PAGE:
28. The Saturday Big Tent Wedding Party - twelfth in the No. 1 Ladies' Detective Agency Series
by Alexander McCall Smith
Kindle book - 14
For such a famous, well-loved, and much-read author, I sure know a lot of people who cannot get into these books of Botswana and Mma Ramotswe. They cannot put their finger on why. They just don't care for them. I have a great quote that I read years ago:
In literature, as in love, we are astonished at what is chosen by others.And isn't that the truth! Thank goodness there are as many kinds of books as there are people.
Andre Maurois (1885-1967)
For myself, I love these books. Every single one of them. I love the main characters, the locale, and the deep kindness that Alexander McCall Smith expresses in each book. I love the slow and quiet pace.
Mma Ramotswe is a detective, and there is usually a case or two interspersed in these stories of her daily life and the lives of those around her. In one book, a particular character is spotlighted, and in another book we get to know someone else a bit better. This time one of the young mechanics-in-training, Charlie is featured. He has always been a kind of caricature, a not very likeable character, but in this book we find there is some depth to him. And Mma Makutsi and Rra Phuti Radiphuti (one of my favorite names in literature) get married, hence the title. It has been so nice watching their romance develop over time. The case was a hard one for me. A farmer's cattle are being mutilated, and Mma Ramotswe must solve the crime. There isn't an easy solution, as with so many other things in this life. All along the way, she gets good advice and sustenance from her beloved and much referred to book, The Principles of Private Detection by Clovis Andersen.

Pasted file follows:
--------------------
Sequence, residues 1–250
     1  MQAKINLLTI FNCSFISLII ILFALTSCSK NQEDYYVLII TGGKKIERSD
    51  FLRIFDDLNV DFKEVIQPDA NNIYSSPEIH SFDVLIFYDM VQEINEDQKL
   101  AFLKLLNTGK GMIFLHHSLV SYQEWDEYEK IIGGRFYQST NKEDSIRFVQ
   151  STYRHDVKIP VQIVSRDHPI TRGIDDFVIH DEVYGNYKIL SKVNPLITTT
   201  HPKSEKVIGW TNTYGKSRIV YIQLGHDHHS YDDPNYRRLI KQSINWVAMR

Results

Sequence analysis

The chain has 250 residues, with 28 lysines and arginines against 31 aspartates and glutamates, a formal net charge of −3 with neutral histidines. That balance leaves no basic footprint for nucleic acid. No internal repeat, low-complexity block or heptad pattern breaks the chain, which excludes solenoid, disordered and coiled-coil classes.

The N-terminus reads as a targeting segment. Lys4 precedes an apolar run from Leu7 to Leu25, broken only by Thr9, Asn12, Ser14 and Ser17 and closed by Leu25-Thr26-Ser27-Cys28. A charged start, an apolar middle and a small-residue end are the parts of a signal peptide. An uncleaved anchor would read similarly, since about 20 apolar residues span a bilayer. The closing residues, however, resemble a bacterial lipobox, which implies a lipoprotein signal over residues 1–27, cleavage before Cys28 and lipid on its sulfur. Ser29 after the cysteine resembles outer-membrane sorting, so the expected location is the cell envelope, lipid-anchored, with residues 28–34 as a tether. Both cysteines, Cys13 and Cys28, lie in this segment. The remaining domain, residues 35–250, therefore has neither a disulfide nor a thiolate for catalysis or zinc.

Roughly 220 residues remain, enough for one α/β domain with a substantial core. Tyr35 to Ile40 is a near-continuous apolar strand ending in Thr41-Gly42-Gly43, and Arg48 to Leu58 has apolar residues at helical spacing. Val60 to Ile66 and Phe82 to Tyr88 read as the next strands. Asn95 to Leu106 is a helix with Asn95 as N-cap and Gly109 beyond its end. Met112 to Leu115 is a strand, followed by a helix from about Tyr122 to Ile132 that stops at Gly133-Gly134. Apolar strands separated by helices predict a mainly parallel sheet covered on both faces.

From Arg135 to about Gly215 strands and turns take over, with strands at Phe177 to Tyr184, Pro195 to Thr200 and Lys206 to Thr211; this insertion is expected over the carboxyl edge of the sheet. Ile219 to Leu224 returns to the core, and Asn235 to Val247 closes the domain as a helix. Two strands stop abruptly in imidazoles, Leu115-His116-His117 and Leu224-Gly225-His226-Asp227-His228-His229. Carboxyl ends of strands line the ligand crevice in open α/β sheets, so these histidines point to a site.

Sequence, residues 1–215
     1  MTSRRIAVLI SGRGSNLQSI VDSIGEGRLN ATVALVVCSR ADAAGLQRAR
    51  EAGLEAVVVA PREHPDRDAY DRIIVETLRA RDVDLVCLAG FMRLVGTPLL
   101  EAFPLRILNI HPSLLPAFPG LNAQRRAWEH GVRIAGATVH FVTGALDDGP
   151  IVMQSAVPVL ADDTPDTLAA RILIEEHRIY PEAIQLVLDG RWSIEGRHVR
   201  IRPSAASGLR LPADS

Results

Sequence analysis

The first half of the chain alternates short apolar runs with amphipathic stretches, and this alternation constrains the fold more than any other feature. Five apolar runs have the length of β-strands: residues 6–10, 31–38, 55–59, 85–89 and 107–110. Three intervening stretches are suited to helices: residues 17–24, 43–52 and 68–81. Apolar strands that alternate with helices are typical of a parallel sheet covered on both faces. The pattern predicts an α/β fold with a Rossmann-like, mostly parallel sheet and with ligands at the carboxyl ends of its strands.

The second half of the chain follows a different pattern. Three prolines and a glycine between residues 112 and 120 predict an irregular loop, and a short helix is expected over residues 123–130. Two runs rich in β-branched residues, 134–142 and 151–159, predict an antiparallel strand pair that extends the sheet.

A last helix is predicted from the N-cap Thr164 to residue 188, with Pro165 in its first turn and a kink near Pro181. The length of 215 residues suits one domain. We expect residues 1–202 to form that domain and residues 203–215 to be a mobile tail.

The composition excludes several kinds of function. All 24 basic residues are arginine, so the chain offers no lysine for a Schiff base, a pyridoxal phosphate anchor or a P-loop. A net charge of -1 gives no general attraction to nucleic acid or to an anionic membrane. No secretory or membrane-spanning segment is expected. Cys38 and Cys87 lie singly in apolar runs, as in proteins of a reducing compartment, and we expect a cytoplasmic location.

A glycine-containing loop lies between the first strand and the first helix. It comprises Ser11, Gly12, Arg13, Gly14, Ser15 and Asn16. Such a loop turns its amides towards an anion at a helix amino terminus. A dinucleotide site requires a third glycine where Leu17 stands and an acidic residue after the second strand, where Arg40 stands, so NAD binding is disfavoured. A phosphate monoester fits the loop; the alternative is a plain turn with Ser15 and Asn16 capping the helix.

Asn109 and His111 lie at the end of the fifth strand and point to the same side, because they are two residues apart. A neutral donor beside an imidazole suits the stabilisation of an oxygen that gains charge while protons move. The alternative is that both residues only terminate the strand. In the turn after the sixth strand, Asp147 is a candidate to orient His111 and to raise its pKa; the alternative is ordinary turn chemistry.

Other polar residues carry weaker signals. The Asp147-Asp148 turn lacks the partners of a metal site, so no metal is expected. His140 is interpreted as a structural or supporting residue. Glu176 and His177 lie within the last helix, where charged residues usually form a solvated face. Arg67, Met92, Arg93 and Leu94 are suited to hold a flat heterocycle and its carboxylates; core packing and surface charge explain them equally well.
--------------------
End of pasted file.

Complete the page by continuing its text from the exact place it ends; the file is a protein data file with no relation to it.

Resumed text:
I love how Mma Ramotswe walks out in her garden each day.
She went out into the garden. The sun had set, but there was still a faint glow in the west, above the Kalahari - enough to provide that half-light that makes everything seem so rounded, so perfect. She stood in her garden and looked about her. Against the darkening sky, the branches of the trees traced a pattern of twigs and leaves - a pattern of such intricacy and delicacy that those standing below might look up and wonder why the world can be so beautiful and yet break the heart.I love her ruminations on her country and her father.
On either side of the track, the grey-green bush stretched out, a landscape of struggling shrubs, leaves shrivelled and dusty, filling in the space between the endless forests of thorn trees. The more established acacia provided some cover from the sun, casting pools of shade under which, here and there, cattle clustered, their tails twitching listlessly against the flies. The prevailing note was one of somnolence and stasis, a note taken up and orchestrated by hidden choirs of screeching cicadas: this was a Botswana that had existed since the days when cattle-herding peoples first came to this land; this was a Botswana that was a hundred years from the world of Gabarone, from the world of cars, of white buildings, of commerce and diamonds. But it was the real heart of the country, the heart that she hoped, when her time came to leave this earth, she would see, in her mind's eye at least, before the final darkness set in. And for all that she belonged to Gabarone, and to that other world, Mma Ramotswe belonged here too, and felt beside her quite strongly the presence of her father, the late Obed Ramotswe. As she gazed out through the tangle of acacia, she felt he was there, seated beside her in the van, his familiar old hat resting on his lap, looking out at the cattle and rehearsing in his mind the possible bloodlines of these beasts he knew so well.And last, but definitely not least I adore the titles and the covers of these books. This whole series is a perfect treasure to me.
Addendum: Please do go here to read a fantastic blog posting about Alexander McCall Smith's visit to a library.